This is not to identify the true poet with the Romantic poet. … The typical Romantic poet of the nineteenth century was physically degenerate, or ailing, addicted to drugs and melancholia, critically unbalanced and a true poet only in his fatalistic regard for the Goddess as the mistress who commanded his destiny. (p21)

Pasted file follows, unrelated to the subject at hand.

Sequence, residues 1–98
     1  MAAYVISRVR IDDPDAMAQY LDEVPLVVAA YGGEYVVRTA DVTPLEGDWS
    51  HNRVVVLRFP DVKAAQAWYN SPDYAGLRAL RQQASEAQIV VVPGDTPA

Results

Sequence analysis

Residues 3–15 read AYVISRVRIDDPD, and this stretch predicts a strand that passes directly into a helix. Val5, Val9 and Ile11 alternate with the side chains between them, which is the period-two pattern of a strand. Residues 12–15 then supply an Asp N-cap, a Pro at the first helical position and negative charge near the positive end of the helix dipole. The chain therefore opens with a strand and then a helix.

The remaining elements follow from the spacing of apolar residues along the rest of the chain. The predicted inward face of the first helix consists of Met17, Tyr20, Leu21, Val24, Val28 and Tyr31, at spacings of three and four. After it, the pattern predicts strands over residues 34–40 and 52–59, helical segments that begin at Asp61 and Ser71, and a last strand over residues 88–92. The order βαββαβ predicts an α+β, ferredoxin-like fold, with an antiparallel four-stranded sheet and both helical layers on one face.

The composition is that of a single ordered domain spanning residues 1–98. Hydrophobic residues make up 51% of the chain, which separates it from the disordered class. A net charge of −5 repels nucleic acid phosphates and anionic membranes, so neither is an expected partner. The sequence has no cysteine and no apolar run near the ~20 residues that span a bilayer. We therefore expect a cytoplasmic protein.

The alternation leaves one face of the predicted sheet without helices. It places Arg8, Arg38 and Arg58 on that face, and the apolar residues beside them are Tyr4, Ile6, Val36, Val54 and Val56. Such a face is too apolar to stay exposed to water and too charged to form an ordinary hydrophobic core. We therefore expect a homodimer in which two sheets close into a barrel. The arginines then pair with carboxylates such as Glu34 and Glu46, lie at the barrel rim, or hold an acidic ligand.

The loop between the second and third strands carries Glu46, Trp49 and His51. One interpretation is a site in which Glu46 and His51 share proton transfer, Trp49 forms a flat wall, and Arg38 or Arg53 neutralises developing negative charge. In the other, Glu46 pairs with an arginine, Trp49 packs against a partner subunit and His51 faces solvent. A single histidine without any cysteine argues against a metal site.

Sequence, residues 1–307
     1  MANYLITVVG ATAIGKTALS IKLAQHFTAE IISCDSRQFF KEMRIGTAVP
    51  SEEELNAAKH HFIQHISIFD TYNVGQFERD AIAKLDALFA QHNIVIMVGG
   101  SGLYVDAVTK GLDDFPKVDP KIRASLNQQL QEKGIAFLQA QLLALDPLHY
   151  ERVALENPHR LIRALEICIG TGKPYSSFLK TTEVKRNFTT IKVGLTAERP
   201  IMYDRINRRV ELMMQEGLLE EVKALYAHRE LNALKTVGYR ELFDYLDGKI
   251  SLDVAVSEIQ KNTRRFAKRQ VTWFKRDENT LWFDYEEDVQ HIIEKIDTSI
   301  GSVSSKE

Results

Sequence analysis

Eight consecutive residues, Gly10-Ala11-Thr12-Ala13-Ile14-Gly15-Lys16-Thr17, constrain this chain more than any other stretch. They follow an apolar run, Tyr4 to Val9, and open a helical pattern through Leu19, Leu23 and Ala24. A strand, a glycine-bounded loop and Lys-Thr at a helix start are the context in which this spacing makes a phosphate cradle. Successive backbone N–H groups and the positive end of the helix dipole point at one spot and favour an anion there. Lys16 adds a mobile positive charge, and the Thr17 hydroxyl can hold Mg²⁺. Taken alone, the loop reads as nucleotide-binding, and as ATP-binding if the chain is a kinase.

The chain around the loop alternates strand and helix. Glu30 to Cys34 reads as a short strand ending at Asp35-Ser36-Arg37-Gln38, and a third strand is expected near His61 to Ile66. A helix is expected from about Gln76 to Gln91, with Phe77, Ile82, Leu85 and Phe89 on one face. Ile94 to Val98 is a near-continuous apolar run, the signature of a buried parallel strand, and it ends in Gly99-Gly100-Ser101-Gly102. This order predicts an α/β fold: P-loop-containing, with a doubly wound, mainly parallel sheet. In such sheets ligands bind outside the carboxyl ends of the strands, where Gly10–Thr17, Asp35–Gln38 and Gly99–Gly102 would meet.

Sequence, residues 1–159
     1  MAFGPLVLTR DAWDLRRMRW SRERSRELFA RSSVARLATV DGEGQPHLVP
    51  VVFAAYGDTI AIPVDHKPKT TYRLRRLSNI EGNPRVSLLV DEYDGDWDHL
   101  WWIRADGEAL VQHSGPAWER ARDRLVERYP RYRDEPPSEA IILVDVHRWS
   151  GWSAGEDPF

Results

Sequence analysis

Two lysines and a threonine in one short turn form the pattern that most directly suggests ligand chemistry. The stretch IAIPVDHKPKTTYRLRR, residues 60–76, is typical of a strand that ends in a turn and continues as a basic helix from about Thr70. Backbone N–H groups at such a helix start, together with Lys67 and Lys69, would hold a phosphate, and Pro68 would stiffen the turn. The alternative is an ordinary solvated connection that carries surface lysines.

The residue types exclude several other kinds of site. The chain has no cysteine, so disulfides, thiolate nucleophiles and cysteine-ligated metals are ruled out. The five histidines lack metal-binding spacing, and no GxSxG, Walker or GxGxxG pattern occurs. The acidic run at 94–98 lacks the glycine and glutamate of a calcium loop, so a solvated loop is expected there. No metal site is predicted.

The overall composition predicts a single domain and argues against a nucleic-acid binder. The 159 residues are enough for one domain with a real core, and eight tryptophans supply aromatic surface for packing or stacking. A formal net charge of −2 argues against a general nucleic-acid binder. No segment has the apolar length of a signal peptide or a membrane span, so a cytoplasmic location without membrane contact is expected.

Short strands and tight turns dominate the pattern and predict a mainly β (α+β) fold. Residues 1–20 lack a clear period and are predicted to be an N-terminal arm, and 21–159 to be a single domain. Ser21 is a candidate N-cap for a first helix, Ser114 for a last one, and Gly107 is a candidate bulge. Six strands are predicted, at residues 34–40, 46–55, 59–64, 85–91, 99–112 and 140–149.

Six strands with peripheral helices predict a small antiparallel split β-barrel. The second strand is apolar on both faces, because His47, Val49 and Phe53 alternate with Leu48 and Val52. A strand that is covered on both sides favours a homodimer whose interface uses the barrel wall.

In other words, the only true poets in the world are, really, Robert Graves and a handful of contemporaries he respected (Alun Lewis being one example he quotes approvingly). Others? Sorry, no, whatever you thought you were doing, you’re just not writing poetry by Graves’ standards. The problem I have with this is not just the way it immediately writes off huge swathes of literature, but that this is apparently done so in order to centre Graves, his neuroses and his relationships as the epitome of Poetry, the pinnacle of literature. Graves described himself as a feminist as far back as the 1920s, but his feminism was one in which in reality he was at the centre of things: in which he chose a woman, elevated her onto a holy pedestal, and jealously ensured she stayed there. An emotional masochist, he poured his creative energy into worshipping his chosen muse almost in the hope that she would make him suffer for it. In this sense, his explanation of what makes True Poetry is nothing more than a recapitualation of his personal relationships of the 1920s and 1930s, which he claims to be some sort of universal religious truth. Jealousy itself is elevated to being a vital emotion for the True Poet to have.